Serious talk at G7The key themes of the G7 Summit in the UK from Friday through Sunday were checking China’s rise, North Korean denuclearization, Covid-19 and climate change. Except for denuclearization and climate challenges, most issues involved a critical approach to China. Members of the Group of Seven countries opposed heightened tension in the East and South China Seas, which originated with China’s over-reaching One Belt, One Road initiative, and urged Beijing to respect human rights in the Xinjiang Uygur Autonomous Region and allow autonomy in Hong Kong. They also urged China to help stabilize the Taiwan Strait and cooperate with an independent investigation into the origin of the coronavirus.
The slogan of the G7 Summit — B3W (Build Back Better World) — proposed by U.S. President Joe Biden and agreed to by the members was also aimed at restraining China. With its focus on forging a partnership for global infrastructure construction for underdeveloped nations, the B3W aims to block China from attracting them to its side with money. The Western countries’ approach to China resembles what was agreed to in the Korea-U.S. summit in the White House last month.
It is the first time that a joint statement against China was issued from a G7 Summit. The meeting designed to establish a joint coalition against China was attended by President Moon Jae-in as a guest. The Group of Seven countries’ hostility toward China reflects the West’s deepening disappointments over China’s ever-aggressive expansionary foreign policies.
China has not been engaging in competition based on goodwill. Instead of playing by the rules, the country often inflicts harm on neighbors by occupying uninhabited islands. Security experts also suspect that China has been persistently stealing cutting-edge technologies from the advanced countries and disturbing international financial markets in very inappropriate ways. The U.S. and the developed world are deeply concerned about the possible destruction of the international order by China’s pugnacious actions.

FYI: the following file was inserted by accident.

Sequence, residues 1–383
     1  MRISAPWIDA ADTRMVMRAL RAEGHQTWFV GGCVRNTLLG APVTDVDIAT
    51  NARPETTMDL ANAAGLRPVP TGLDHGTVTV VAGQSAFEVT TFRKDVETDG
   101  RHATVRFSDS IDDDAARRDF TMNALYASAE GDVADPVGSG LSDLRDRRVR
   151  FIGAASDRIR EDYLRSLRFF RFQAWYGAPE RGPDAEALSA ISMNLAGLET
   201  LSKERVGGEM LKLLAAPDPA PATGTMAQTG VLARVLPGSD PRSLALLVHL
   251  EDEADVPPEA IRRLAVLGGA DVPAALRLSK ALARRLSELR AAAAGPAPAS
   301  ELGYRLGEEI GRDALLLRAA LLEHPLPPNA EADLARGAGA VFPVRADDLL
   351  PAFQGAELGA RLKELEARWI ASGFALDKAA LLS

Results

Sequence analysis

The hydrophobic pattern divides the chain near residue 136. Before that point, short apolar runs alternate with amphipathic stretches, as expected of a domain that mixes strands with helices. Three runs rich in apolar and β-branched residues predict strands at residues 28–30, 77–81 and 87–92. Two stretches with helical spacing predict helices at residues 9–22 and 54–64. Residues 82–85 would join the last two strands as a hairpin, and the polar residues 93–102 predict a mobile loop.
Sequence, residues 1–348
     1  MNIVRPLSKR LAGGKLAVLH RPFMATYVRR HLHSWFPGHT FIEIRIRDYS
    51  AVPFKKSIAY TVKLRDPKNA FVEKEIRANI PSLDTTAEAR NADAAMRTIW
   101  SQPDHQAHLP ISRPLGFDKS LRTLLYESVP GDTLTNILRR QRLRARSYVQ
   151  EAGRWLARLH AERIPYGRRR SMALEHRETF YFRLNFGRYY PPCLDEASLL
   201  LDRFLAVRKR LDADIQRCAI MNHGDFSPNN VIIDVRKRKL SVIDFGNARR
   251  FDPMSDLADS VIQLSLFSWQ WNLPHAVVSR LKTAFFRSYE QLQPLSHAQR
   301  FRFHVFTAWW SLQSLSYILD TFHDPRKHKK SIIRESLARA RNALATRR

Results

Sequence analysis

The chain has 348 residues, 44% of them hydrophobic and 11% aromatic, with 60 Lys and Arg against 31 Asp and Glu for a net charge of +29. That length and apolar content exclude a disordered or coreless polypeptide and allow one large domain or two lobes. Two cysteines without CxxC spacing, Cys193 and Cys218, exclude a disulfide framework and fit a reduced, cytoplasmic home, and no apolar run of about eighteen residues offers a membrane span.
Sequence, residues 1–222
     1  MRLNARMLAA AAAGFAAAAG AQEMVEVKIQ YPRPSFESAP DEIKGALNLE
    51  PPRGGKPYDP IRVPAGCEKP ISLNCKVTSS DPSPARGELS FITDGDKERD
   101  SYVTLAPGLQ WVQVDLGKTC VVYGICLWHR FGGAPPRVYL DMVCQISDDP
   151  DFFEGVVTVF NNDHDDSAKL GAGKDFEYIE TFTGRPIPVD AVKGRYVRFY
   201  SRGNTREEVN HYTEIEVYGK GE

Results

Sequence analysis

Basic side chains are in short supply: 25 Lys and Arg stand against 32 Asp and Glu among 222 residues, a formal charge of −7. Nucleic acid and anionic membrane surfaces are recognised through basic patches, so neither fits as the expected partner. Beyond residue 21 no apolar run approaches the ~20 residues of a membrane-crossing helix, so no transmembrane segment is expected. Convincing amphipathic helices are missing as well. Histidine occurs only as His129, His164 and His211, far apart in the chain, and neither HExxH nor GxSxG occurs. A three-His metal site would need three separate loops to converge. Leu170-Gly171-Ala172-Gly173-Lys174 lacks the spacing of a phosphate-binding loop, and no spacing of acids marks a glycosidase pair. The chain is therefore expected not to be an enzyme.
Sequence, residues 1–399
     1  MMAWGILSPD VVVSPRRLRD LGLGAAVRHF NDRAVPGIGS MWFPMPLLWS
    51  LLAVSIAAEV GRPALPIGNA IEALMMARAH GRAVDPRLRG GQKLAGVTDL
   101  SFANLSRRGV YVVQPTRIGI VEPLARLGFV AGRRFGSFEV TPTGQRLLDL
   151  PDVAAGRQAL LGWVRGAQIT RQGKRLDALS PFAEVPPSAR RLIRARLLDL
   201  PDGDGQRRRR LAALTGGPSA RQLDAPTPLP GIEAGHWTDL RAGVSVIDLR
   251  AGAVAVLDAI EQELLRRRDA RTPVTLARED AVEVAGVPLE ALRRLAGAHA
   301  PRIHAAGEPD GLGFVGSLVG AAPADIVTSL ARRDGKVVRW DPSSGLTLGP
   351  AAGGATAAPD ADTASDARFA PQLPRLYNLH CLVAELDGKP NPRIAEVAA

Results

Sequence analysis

China’s tough challenges go against constitutional values of G7 member nations and South Korea. The Moon Jae-in administration must devise a strategy to deal with China. Rather than trying to avoid concerted international action against Beijing, South Korea must ride the tide proactively. Moon must not ignore what was agreed to with the U.S. president at the summit in Washington. China is our largest trade partner. But if Moon gets overly worried about China’s reaction, he could lose the trust of the U.S. and the international community.
The G7 Summit also mentioned North Korean denuclearization, which had been carefully skipped in Moon’s summit with Biden. The G7 members took the position that the issue must be resolved by complete, verifiable, irreversible abandonment (CVIA) of the weapons. We hope the Moon administration urges Pyongyang to abandon its nuclear programs. Regrettably, Moon’s meeting with Japanese Prime Minister Yoshihide Suga ended in one minute. Moon could not move an inch to address thorny issues between Seoul and Tokyo over wartime forced labor and sex slaves. The government must come up with solutions to untie that Gordian knot. That’s the only way to improve the two countries’ relations.